A List of Options Once Premature Labor Has Begun

Understanding the early signs and treatment options

USA, Utah, Payson, Man assisting childbirth in hospital
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Premature (preterm) labor can be one of the most distressing situations a woman can face and one for which most couples are unprepared. While the exact cause of a premature birth may be unknown, there are factors that can increase risk, including multiple pregnancy, certain infections, cervical problems, older maternal age, and smoking.

There are today several treatments that may help prevent preterm labor in women at high risk as well as others the can slow contractions if labor begins prematurely.

On the downside, some of these treatments are less effective in certain women and entirely contradicted in others.

Symptoms of Preterm Labor

Preterm labor occurs in approximately 12 percent of all pregnancies. In some cases, it may be possible to prevent premature birth by knowing the early signs. Some of the most telling symptoms include:

  • Five or more contractions within an hour
  • Watery fluid from the vagina (indicating your water may have broken)
  • A dull backache below the waist that may come and go or be constant
  • Menstrual-like cramps in the lower abdomen
  • Pelvic pressure that feels like your baby is pushing down

Preventing Preterm Labor in At-Risk Women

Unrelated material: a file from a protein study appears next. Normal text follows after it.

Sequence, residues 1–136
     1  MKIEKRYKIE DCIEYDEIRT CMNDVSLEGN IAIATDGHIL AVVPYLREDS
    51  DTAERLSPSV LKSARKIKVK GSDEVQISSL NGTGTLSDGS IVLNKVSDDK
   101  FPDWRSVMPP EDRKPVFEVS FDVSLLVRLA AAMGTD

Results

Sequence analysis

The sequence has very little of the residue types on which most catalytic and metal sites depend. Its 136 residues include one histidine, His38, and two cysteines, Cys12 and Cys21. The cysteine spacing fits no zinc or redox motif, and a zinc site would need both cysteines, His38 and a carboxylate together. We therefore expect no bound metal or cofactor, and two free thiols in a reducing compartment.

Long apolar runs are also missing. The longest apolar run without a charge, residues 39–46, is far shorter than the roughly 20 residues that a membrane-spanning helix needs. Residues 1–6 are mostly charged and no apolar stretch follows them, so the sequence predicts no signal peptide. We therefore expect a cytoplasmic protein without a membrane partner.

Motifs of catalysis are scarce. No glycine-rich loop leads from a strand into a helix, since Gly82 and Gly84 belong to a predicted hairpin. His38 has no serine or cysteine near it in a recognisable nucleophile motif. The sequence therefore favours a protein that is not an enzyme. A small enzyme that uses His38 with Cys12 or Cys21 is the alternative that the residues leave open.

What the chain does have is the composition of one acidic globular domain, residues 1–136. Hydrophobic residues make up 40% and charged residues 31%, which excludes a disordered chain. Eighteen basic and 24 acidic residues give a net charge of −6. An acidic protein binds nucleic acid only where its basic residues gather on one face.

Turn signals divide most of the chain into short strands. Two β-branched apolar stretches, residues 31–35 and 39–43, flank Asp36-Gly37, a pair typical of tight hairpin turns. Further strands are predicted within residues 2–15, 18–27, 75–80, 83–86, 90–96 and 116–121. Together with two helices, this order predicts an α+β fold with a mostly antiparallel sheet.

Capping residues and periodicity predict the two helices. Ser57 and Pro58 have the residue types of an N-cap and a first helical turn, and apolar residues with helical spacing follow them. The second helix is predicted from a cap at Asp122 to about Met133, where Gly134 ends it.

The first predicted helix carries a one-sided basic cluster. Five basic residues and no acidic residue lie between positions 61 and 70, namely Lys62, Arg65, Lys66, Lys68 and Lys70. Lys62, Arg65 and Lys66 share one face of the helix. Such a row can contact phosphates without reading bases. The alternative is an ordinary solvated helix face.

Women at risk for preterm labor, particularly those who have had one or more premature births, may be candidates for one or more of the following treatments:

  • Progesterone has been used to prevent miscarriage and preterm birth for over 40 years. Despite its widespread use, studies conflict on whether progesterone can actually prolong pregnancy in women at risk of premature delivery.
  • Cerclage is a stitch placed in the cervix to hold it closed. While cerclages have been used for over 50 years to prevent preterm birth, research suggests that it can only prolong pregnancy (and only in some women) and will not stop labor once it has begun
  • Bed rest is typically advised for women experiencing multiple pregnancy, eclampsia, preeclampsia, heavy vaginal bleeding, abnormal cervical changes, fetal development, placental complications, or gestational diabetes.
  • Antibiotics are usually prescribed to women who experience the preterm rupture of membranes to prevent uterine infections which can lead to preterm birth. Antibiotics can also prolong pregnancy in women who have previously experienced a preterm rupture.

Treating Preterm Labor

Realistically speaking, it is often difficult to turn things around once a woman shows the signs of preterm labor. Even the most effective interventions usually only delay birth for a day or two.

Because of this, the two major goals of treatment are to allow enough time to transfer a mother to a hospital which has a neonatal intensive care unit (NICU) and to provides steroids to speed up fetal lung development.

There is a number of medications doctor will turn to during a premature labor. Some, called tocolytics, are specifically designed to slow or stop uterine contractions.

Among the most commonly prescribed is magnesium sulfate which has a two-fold effect: to prevent seizures in women with preeclampsia and to reduce the risk of cerebral palsy and other brain disorders in premature babies.

Other tocolytics include drugs used to treat heart and lung problems, such as nifedipine and terbutaline, both of which are effective in inhibiting uterine contractions.

Sources

  • Morgan, M.; Goldenberg, R.; and Schulkin, J. "Obstetrician-Gynecologists' Screening and Management of Preterm Birth." Obstetrics and Gynecology. 2008; 112:35-41.
  • Vidaeff, A. and Ramin, S. "Management Strategies for the Prevention of Preterm Birth. Part I: Update on Progesterone Supplementation." Current Opinion in Obstetrics and Gynecology. 2009; 21:480-484.

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